Nicene and Post-Nicene Fathers: Series I/Volume IV/Donatist Controversy/On Baptism/Book IV/Chapter 15
Chapter 15.—23. To go on to the point which he pursues at great length, that "they who blaspheme the Father of Christ cannot be baptized in Christ," since it is clear that they blaspheme through error (for he who comes to the baptism of Christ will not openly blaspheme the Father of Christ, but he is led to blaspheme by holding a view contrary to the teaching of the truth about the Father of Christ), we have already shown at sufficient length that baptism, consecrated in the words of the gospel, is not affected by the error of any man, whether ministrant or recipient, whether he hold views contrary to the revelation of divine teaching on the subject of the Father, or the Son, or the Holy Ghost. For many carnal and natural men are baptized even within the Church, as the apostle expressly says: "The natural man receiveth not the things of the Spirit of God;" and after they had received baptism, he says that they "are yet carnal." But according to it carnal sense, a soul given up to fleshly appetites cannot entertain but fleshly wisdom about God. Wherefore many, progressing after baptism, and especially those who have been baptized in infancy or early youth, in proportion as their intellect becomes clearer and brighter, while "the inward man is renewed day by day," throw away their former opinions which they held about God while they were mocked with vain imaginings, with scorn and horror and confession of their mistake. And yet they are not therefore considered not to have received baptism, or to have received baptism of a kind corresponding to their error; but in them both the perfection of the sacrament is honored and the delusion of their mind is corrected, even though it had become inveterate through long confirmation, or been, perhaps, maintained in many controversies. Wherefore even the heretic, who is manifestly without, if he has there received baptism as ordained in the gospel, has certainly not received baptism of a kind corresponding to the error which blinds him. And therefore, in returning into the way of wisdom he perceives that he ought to relinquish what he has held amiss, he must not at the same time give up the good which he had received; nor because his error is to be condemned, is the baptism of Christ in him to be therefore extinguished. For it is already sufficiently clear, from the case of those who happen to be baptized within the Church with false views about God, that the truth of the sacrament is to be distinguished from the error of him who believes amiss, although both may be found in the same man. And therefore, when any one grounded in any error, even outside the Church, has yet been baptized with the true sacrament, when he is restored to the unity of the Church, a true baptism cannot take the place of a true baptism, as a true faith takes the place of a false one, because a thing cannot take the place of itself, since neither can it give place. Heretics therefore join the Catholic Church to this end, that what they have evil of themselves may be corrected, not that what they have good of God should be repeated.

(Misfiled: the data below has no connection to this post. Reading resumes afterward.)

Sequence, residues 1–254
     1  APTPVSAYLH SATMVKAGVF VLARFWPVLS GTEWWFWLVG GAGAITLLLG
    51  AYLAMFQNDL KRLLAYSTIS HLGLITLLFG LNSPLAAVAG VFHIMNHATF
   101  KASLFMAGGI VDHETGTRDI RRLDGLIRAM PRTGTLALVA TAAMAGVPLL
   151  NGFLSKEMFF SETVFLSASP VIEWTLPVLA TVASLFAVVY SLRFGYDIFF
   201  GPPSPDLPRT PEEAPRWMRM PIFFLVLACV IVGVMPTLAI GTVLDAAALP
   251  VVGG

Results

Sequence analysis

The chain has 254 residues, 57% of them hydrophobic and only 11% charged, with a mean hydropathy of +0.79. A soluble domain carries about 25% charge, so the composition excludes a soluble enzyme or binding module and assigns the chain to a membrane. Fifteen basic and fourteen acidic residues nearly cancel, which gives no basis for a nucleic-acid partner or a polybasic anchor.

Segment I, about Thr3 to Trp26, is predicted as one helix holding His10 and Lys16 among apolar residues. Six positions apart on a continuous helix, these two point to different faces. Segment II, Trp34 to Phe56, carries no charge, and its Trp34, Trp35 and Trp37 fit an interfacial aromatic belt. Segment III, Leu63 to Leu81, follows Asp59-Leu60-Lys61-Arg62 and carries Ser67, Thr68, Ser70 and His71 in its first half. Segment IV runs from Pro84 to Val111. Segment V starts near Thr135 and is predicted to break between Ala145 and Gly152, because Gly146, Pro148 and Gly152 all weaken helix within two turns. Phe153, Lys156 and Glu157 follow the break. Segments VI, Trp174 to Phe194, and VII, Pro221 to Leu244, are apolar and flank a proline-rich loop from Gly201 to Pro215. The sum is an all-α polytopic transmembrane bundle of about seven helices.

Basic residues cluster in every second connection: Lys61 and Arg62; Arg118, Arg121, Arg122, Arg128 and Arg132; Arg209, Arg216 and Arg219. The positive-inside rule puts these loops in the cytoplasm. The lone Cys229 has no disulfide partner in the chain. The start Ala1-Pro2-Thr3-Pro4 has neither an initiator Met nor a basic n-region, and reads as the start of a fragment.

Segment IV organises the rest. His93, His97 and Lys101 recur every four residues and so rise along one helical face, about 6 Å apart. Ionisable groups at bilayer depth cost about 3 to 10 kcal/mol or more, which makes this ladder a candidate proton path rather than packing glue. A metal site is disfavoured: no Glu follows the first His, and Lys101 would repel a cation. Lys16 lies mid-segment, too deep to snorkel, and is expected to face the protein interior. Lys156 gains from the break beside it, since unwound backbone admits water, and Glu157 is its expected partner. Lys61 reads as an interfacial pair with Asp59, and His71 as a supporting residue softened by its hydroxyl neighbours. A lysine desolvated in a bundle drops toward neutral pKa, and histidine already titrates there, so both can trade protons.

- Ib. Ep. lxxiii. 17.
- 1 Cor. ii. 14.
- 1 Cor. iii. 3.
- 2 Cor. iv. 16.